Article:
Naperville garden connects students with disabilities to land, life skills
A sprawling squash plant looms large outside the entrance to the Connections program in Naperville Unit District 203, where students with disabilities work to transition from high school into adulthood.
Near the squash are tomatoes, garlic, peas, basil, parsley, oregano, cucumber, lavender, early fall mums and a monarch garden with swamp milkweed.
Crops and herbs and flowers -- sure. But these organic plants are also a job training tool for students who need to gain work and life skills before they turn 22.
Maura Anderson, supervisor of transition services, said the roughly 50 students in the Connections program all have a hand in what's called the EcoConnections Teaching Garden, which was established last spring with the help of local grower Veronica Porter of Naperville as a project of her Veterans Victory Farm.
"Working with the land, growing things is not only calming and beneficial, but it's so rewarding," said Porter, whose business also runs a small organic farm near where Sugar Grove meets North Aurora and Batavia and works to employ veterans and people with "hidden disabilities." "It has a purpose."
In planter beds near the school on Fifth Avenue and in wooden beds atop the parking lot grow the crops that are helping the students learn how to plant, water and weed, harvest, prepare and eat -- engaging in fresh foods for a healthier life.
Fruits of the monster squash -- a variety called Lakota -- were a new thing for Connections students, many of whom Anderson said are picky eaters because of sensory disabilities or a reluctance to experience new textures.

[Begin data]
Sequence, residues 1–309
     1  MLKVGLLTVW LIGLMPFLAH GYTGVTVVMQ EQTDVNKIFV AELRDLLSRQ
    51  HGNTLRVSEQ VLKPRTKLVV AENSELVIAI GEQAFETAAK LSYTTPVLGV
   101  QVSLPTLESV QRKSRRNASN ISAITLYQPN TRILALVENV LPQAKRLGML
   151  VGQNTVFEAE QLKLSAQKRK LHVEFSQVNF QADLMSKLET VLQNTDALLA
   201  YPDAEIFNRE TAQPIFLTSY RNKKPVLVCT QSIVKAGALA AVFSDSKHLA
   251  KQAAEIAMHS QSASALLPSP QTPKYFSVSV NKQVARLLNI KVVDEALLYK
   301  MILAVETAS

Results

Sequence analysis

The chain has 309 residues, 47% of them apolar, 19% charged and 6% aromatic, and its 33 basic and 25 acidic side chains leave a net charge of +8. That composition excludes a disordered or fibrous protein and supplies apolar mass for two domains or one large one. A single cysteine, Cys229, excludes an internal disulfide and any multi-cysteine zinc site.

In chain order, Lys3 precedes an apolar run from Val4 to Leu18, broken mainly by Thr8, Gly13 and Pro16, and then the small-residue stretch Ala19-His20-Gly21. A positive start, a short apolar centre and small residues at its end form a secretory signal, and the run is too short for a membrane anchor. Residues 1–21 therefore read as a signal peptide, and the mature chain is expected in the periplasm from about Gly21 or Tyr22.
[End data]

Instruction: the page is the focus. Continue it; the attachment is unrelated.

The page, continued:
"When you grow something yourself, you're more likely to try it," Anderson said.
During their domestic and family life class time, Connections students help the garden grow, each finding a task suited to his or her own interests and abilities.
Anderson said some are movers, carting bags of soil or fertilizer from place to place in wheelbarrows. Others don't want to get their hands dirty, so they're challenged to put on gloves and work with a trowel. All need help with plant identification -- mainly what's a good plant and what's a pest.
"We have students that love weeding," Anderson said. "To them, everything is a weed."
One of the teaching assistants who's also a landscape architect helped design the garden so it's accessible to students in wheelchairs. That will remain the case even as the garden soon is enclosed to become a greenhouse, sheltered from strong southwest winds and the exhaust of school buses that frequently stop by the site.
The EcoConnections Teaching Garden is one of several "microconnections" businesses the Connections program launched last year to give work experience to students.
There's a small-scale stationery business in which students shred paper used by others in District 203, add dried flowers and press the material into recycled note cards. There's a flower delivery business in which students take blooms deemed past their prime by Trader Joe's to clients each Monday and remove the fading blossoms every Friday. Students also make dog toys and dog treats, and there's soon to be a coffee shop so they can learn skills they'll need to seek an internship or job at Starbucks or Peet's.
As Porter grows her farm business, she's hoping to establish locations in Oswego and Naperville where she could employ more people with disabilities such as the Connections students getting early training in working the land and helping plants grow. And as the EcoConnections garden gets better established, Anderson said it eventually could supply local restaurants with produce and give families a way to visit and give back even once their students are no longer in school.
"We're going to grow a lot of high-quality food here," Porter said. "And it's going to be very beneficial."